Walking away is not an option

What do you do when conflict happens in the team?

You know, someone says something that offends someone else, and hurt feelings divide the unity that you all have worked to establish. The easy thing is to walk away from the relationship or to walk away from the team if you were the person who was offended. You could just quit, give up on everything you’ve built and ignore the fact that God called you to be on that team with those people to demonstrate the unity He created in the Church through Jesus Christ.

We should ask for forgiveness if we have offended someone, but asking for forgiveness is not just saying, “I’m sorry,” because that could mean I’m sorry that you were offended, not I’m sorry for what I said or did.  When I make a mistake and say something that creates offense, I will apologize by saying, “I’m sorry. I didn’t mean to hurt you. I was wrong in saying what I said. Will you please forgive me?”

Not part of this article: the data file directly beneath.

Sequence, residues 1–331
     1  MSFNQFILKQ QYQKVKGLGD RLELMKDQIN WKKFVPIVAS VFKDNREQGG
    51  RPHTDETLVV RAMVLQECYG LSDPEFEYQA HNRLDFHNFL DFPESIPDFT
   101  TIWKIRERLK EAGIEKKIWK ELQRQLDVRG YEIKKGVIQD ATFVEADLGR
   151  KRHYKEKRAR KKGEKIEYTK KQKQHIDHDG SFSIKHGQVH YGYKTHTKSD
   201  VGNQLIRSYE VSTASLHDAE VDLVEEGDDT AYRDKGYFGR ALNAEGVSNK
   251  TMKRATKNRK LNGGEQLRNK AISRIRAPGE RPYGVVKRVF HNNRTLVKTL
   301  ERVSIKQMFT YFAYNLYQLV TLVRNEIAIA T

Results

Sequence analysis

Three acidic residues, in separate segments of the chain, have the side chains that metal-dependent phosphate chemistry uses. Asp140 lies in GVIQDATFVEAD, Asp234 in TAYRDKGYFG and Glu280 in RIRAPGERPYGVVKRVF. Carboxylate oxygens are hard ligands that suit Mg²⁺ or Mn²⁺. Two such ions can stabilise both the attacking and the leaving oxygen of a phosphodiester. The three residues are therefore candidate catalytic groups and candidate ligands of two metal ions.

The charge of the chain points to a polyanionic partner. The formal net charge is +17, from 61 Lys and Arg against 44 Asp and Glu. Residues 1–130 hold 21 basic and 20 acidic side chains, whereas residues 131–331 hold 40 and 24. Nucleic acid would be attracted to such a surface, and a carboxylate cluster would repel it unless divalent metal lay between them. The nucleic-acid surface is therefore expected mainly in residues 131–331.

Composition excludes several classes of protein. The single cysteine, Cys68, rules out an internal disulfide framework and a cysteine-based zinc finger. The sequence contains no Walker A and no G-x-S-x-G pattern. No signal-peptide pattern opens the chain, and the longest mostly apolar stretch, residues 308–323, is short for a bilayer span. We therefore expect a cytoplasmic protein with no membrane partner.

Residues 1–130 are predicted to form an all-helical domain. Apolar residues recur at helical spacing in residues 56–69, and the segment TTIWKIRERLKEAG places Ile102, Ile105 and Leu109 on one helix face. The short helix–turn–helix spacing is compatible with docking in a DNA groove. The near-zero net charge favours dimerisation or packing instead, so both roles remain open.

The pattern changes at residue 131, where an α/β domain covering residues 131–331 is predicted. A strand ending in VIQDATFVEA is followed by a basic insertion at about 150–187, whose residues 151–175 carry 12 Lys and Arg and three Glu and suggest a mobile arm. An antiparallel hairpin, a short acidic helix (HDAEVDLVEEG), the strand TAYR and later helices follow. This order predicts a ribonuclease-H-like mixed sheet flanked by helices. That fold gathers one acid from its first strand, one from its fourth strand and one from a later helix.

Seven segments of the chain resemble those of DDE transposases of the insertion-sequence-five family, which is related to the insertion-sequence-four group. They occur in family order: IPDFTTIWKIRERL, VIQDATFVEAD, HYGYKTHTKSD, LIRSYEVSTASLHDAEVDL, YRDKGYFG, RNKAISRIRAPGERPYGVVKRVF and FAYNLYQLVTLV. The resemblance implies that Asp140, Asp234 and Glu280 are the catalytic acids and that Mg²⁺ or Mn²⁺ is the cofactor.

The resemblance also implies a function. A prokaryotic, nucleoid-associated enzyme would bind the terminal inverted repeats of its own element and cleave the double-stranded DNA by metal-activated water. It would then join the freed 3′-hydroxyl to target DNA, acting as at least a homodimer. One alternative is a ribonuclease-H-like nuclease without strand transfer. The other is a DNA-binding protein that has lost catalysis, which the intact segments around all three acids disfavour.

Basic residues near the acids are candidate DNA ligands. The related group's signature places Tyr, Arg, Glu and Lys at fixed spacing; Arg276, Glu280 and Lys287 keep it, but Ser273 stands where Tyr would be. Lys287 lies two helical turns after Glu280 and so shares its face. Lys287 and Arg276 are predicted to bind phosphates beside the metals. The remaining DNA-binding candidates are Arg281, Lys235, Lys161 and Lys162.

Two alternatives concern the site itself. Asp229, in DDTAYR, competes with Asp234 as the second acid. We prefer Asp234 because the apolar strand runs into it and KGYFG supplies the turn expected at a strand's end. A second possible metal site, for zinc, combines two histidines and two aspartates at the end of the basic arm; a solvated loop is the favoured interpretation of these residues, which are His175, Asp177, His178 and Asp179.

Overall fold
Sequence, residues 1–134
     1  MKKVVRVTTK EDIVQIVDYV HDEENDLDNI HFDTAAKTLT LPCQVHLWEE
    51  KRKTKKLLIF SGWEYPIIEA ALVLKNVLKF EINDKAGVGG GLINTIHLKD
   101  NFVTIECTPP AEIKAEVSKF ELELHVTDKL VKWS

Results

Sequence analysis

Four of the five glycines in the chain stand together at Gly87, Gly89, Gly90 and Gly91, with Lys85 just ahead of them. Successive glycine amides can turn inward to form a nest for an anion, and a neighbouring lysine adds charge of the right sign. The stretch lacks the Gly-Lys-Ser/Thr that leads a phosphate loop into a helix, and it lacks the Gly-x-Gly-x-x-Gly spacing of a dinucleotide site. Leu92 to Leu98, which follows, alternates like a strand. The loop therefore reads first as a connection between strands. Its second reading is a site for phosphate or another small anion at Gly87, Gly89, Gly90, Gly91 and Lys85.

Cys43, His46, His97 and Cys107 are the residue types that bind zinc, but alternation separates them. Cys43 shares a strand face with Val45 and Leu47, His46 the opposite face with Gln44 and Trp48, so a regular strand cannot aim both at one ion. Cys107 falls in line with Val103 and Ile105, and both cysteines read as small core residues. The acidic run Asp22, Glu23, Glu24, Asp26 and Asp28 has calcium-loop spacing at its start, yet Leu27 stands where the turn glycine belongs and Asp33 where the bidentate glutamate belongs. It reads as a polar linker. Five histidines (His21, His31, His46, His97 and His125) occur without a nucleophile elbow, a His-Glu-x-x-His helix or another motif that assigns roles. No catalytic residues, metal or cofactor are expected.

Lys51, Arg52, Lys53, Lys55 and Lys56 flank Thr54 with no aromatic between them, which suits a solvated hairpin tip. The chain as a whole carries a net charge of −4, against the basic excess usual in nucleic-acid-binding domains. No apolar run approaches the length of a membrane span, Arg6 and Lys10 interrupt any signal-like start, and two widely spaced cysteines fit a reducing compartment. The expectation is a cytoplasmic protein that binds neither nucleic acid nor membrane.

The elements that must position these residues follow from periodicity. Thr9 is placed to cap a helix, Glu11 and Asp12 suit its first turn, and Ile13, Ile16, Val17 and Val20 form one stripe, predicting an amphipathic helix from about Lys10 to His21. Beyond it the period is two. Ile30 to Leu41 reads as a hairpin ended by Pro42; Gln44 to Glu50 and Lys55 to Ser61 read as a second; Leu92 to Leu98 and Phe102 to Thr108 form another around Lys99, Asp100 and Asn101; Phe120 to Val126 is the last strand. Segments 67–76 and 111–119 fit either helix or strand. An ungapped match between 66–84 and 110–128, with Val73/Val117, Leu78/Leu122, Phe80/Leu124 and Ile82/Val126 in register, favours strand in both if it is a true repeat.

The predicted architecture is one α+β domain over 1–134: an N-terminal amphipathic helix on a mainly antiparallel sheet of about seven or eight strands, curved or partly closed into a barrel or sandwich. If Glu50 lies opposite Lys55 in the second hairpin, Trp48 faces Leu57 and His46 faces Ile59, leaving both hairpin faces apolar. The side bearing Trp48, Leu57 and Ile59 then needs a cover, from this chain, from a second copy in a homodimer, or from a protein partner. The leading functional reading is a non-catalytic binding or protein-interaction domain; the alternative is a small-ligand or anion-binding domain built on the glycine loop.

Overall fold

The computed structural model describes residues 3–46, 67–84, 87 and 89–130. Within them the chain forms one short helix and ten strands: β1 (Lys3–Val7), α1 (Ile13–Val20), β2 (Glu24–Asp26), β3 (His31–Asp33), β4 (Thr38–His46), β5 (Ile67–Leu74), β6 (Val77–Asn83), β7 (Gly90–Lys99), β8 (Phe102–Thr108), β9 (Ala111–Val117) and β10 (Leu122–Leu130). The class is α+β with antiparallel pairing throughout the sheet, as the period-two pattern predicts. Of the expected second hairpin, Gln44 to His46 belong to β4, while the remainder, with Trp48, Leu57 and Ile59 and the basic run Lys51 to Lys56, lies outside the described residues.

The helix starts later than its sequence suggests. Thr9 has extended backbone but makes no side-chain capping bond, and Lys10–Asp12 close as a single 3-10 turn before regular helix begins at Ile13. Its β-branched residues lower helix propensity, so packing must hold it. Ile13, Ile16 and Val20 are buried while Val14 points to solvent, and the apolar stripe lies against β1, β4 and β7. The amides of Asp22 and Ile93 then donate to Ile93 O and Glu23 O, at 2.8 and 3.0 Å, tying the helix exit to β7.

We all want to make excuses and defend our actions. “Well, I wasn’t feeling well” or “I was distracted or stressed,” etc. Maybe you didn’t feel well or you were distracted, but people are valuable and precious, and your relationship with them is important enough for you to swallow your pride and admit you were wrong and careless with your words.

If you were the person who was offended, you have the opportunity to follow the scripture that says we should walk in love (Ephesians 5:1-2) and to act like God who loved us even when we were not a part of His family (Ephesians 2:4).

Holding on to hurt is a choice. There is freedom in forgiving others.

When we refuse to forgive or we refuse to ask for forgiveness, and we choose to remain on the worship team, the resulting disunity can be sensed by the congregation during worship. They will sense that something is wrong; it’s off.

Walking away from the team because you are hurt or because someone is offended with what you’ve said is not an option. You’ll just be carrying the issue with you until it’s resolved. Deal with it, resolve the conflict and follow Paul’s words in Ephesians 4:3 to preserve the unity of the Spirit.

Your relationships within the team are some of the best relationships that you’ll have anywhere, and they are worth preserving.